As the Covid19  restrictions ease, our markets are returning to a more normal format, and pre-ordering is no longer necessary. We are better able to keep our products at a safe temperature if they don’t need to be packed in individual coolers, so we encourage you to purchase ‘a la carte’ at market. Please feel free to hand us a list at the stand, and we will quickly assemble your order :-). Thank you for supporting our family farm, and stay well!

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Firefly weather at Coulter Farms

Posted 7/12/2019 3:22pm by Kinley Coulter.

Ahhhh! July…

      The summer solstice has  come and gone… the fireflies are lighting up the night...and the longest days of the year are now behind us.  Below is Jessie's attempt to catch a few fireflies on film :).
     For some reason, though, the summer’s hottest days are still ahead of us.  Dairy cattle (not to mention beef cattle, sheep, pigs, border collies, farmers, grass, clover, tractors, walk-in coolers and farm markets) function SO much better and have a sunnier and more positive attitude when daytime temperatures peak in the 70s rather than the 90s.  At least the cat found a cool spot.... in the birdbath.
     The Dairy cows have a remarkable ability to locate pasture shade at many different times during a hot summer day.  At midday, though, the only shade available is a tiny circle at the base of the fenceposts.  I have seen as many as 6 cows grumpily trying to stick their heads into the same little spot of shade.  
     We are always glad for our Jersey breed of cattle… but especially during a hot spell.  When most other breeds of cattle have practically given up on grazing and making milk, the Jerseys are still hard at it… converting 100 lbs of nutrient-dense grass into  34 lbs of Sun-golden organic milk… even on the hottest days.  There is a limit to their patience, though.  Our dairy herd will tolerate a week or two of brutal hot weather… but after that, they’re done.  We have had enough 90 degree days that there are rumors of the cattle forming a labor union and threatening to walk off the job.  It’s debatable what dairy cows would do with themselves when they go on strike.  I hope we don’t have to find out.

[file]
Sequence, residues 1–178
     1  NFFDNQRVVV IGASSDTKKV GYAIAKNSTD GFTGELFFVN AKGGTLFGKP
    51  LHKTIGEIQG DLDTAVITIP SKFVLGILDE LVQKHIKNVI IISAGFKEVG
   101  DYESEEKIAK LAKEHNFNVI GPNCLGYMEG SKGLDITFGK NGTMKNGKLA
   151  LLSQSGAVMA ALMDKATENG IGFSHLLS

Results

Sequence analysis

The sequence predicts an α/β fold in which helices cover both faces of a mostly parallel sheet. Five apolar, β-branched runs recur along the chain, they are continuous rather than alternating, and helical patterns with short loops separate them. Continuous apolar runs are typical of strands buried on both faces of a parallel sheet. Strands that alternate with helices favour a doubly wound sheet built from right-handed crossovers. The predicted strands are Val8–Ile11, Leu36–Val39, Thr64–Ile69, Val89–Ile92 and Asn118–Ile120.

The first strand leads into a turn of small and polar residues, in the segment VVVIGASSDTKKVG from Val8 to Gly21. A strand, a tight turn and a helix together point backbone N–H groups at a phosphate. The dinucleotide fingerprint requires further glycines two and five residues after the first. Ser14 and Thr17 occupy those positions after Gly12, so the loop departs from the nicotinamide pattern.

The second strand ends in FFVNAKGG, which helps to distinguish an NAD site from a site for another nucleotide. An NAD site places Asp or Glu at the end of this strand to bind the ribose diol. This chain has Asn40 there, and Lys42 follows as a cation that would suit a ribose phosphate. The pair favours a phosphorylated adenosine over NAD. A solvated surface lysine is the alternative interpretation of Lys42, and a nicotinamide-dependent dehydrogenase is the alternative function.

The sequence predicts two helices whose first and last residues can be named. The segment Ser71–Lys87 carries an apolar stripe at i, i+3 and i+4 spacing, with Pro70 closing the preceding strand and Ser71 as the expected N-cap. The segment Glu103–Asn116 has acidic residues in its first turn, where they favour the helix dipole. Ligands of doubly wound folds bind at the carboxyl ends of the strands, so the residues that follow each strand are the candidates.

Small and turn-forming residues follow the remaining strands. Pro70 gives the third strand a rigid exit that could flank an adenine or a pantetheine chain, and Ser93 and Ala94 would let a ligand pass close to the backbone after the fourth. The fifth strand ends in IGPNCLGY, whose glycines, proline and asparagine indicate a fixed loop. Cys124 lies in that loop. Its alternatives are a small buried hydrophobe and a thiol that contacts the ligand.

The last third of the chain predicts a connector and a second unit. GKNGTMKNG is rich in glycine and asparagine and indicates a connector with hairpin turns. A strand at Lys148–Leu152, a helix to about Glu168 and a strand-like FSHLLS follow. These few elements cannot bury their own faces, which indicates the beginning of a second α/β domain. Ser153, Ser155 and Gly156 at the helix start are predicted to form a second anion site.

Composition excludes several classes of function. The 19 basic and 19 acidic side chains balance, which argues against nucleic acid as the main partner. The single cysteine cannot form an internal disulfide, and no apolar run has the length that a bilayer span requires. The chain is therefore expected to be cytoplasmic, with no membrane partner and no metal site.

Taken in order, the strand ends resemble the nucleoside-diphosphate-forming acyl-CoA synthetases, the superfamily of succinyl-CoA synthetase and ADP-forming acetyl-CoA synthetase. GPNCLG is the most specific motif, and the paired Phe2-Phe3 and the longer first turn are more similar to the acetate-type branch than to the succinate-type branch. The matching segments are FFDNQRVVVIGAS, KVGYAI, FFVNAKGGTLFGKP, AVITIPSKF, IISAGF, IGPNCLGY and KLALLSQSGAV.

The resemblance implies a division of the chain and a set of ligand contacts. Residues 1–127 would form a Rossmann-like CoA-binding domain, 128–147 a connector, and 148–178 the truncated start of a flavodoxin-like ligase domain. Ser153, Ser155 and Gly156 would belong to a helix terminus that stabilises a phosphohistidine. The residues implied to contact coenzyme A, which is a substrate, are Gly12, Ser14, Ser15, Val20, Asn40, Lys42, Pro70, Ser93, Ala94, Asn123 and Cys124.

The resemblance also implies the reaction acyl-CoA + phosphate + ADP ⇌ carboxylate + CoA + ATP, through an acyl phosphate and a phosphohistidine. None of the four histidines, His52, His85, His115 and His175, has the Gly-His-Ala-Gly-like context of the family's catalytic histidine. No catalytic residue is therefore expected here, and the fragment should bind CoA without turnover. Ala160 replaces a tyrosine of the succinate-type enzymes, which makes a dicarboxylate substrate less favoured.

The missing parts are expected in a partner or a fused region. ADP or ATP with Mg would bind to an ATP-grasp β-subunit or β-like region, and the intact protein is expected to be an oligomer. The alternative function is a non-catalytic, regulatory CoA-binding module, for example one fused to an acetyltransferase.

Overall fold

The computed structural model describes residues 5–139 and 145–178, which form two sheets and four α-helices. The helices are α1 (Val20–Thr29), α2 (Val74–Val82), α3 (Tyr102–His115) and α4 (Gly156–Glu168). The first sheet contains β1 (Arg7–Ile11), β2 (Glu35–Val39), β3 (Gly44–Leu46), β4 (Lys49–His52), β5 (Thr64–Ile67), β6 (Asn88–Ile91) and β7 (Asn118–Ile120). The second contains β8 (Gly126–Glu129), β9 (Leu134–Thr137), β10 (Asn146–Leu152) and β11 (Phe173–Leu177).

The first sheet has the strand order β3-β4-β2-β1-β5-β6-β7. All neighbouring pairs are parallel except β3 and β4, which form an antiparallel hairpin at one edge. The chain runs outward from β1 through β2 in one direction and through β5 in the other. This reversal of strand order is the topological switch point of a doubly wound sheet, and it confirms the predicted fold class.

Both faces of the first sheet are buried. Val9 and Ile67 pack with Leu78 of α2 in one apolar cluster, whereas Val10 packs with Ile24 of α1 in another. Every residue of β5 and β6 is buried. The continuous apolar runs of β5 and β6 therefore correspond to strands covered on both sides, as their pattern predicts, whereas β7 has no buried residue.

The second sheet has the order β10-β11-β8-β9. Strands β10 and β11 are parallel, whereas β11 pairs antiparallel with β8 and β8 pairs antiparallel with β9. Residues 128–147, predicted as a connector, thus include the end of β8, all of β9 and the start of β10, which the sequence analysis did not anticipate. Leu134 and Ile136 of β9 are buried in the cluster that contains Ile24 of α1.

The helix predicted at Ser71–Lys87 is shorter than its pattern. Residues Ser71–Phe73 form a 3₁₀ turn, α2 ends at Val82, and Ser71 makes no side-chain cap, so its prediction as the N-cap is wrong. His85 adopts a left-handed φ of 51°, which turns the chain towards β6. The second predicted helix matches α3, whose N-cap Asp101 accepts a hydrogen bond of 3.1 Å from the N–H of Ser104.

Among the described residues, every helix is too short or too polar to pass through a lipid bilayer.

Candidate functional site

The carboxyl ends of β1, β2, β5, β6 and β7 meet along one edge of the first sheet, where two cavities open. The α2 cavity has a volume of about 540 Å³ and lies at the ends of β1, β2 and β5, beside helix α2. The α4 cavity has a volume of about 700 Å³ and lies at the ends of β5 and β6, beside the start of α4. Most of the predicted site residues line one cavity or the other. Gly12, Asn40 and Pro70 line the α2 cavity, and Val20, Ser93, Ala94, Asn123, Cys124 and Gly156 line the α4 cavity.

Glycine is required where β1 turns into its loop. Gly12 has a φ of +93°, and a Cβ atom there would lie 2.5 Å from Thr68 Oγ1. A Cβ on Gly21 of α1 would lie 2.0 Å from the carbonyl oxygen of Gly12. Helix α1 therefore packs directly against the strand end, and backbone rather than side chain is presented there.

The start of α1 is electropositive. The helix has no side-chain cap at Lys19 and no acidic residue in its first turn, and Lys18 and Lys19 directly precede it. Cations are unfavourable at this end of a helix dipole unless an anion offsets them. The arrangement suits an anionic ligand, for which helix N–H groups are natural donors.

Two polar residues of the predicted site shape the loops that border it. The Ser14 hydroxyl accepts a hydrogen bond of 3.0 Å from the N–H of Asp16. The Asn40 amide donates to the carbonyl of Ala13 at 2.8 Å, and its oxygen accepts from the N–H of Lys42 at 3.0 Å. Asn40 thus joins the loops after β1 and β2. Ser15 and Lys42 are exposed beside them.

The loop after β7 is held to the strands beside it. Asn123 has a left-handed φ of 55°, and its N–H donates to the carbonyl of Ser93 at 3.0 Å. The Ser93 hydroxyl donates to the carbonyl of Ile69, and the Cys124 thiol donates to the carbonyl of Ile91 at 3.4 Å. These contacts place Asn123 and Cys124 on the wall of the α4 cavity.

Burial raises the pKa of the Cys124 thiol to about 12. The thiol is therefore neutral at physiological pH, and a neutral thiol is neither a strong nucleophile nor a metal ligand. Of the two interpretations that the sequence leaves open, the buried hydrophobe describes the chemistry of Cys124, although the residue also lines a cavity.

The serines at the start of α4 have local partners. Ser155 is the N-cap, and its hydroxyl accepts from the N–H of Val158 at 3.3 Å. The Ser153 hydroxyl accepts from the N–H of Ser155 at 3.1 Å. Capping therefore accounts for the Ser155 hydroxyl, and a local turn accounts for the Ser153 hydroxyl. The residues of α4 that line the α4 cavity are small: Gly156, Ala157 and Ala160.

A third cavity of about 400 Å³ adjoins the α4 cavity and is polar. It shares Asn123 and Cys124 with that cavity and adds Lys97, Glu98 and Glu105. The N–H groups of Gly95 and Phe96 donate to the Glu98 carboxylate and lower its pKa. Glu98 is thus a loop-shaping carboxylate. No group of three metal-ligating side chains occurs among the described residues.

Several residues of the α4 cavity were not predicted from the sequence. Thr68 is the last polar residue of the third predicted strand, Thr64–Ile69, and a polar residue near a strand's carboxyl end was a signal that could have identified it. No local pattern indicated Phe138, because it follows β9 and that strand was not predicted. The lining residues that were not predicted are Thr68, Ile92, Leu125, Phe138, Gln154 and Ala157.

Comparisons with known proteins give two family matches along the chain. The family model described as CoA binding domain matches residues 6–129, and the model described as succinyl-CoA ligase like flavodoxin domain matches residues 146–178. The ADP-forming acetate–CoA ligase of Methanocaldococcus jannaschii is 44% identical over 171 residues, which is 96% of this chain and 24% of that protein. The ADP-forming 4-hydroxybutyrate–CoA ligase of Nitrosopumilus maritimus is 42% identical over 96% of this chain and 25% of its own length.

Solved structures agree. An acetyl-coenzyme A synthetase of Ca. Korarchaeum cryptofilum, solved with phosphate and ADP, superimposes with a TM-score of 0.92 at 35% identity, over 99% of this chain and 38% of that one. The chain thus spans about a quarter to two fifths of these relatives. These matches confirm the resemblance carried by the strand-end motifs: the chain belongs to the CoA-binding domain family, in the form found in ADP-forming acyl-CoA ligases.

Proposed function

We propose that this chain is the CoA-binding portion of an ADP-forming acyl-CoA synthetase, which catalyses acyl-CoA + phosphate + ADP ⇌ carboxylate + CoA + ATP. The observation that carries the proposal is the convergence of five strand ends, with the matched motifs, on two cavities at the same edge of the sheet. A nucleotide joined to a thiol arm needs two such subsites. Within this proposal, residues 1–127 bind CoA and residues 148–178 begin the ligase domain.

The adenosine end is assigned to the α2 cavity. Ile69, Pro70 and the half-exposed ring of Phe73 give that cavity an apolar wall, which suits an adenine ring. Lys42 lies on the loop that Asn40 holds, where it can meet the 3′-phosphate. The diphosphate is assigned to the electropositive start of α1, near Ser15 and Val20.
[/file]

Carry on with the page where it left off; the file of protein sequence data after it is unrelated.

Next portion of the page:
The pastures are on the edge of going dormant… soon, they will stop growing, then turn 'depressing-brown’ (does Crayola have that color in its crayon boxes?) instead of dark, lush, beautiful green… the inevitable result of too much sun and heat and too little rain.  We try very hard to put the cows on hay before they start damaging the dry grass with their hooves.  It’s tempting to keep grazing grass because it’s so much easier than feeding hay and we would, very much,  like to save the precious hay for winter. 
In the picture below, the girls are enjoying a game of tag on the bales that are waiting to be stacked in the hoop building.
       Pasture grass also makes more milk and keeps the cows’ bodies in better condition than hay.  The problem is that if we leave the cows on heat stressed pastures for too long, they start crushing the life out of the vulnerable grass and when rain and cool weather does come back… it takes many weeks for the damaged grass to return to a grazeable height.  So, we reluctantly get out the hay feeders and watch the daily milk production drop 30% or more.  Oh well, fall is coming, and with it, cool nights and abundant rains.  
     The vast array of refrigeration equipment on the farm is being taxed by the heat, as well.  Daily, during the heat of the day, we check each of the vital cooling units:  500 Gallon Bulk milk tank in the milking parlor?  Check!  Refrigerated Truck?  Check!  Both 50 degree Cheese aging caves? Check!  Two walk-in coolers? Check!  Walk-in Freezer?  Check!  1,000 lb/day Ice Making Machine?  Check!  Reach-in Cooler?  Check!  8 Chest Freezers?  Check!  Whew!  No refrigeration emergencies today.  All of these units have alarms that emit very unpleasant noise when temperatures rise to an unacceptable level.  For some reason, if the alarms aren’t ringing and clanging and buzzing during the heat of the day, they will bide their time until about 3 am… just to aggravate the soundly sleeping farmer.  Below are 3 of our 14 temperature alarms.   
     One significant benefit of lots of hot, dry, sunny days is that it’s easy to make dry hay.  We have been piling up mountains of sweet-smelling hay bales to pile up in our hoop-building.  It’s hard to believe that 4 weeks ago we were struggling with cool, cloudy, rainy weather that wouldn’t allow us to make any hay at all.
      Another blessing of hot days is that ice cream sells like crazy!  We aren’t the world’s best marketers… but, we CAN sell hot chocolate at market in the winter when it’s 18 degrees;  and we CAN sell ice cream when it’s 95 degrees.  We could probably sell snow to Eskimos, too.  
     Stay tuned!  Fall is, by far, the nicest season of the year and it’s just around the corner.  I can almost guarantee an upbeat update by September :).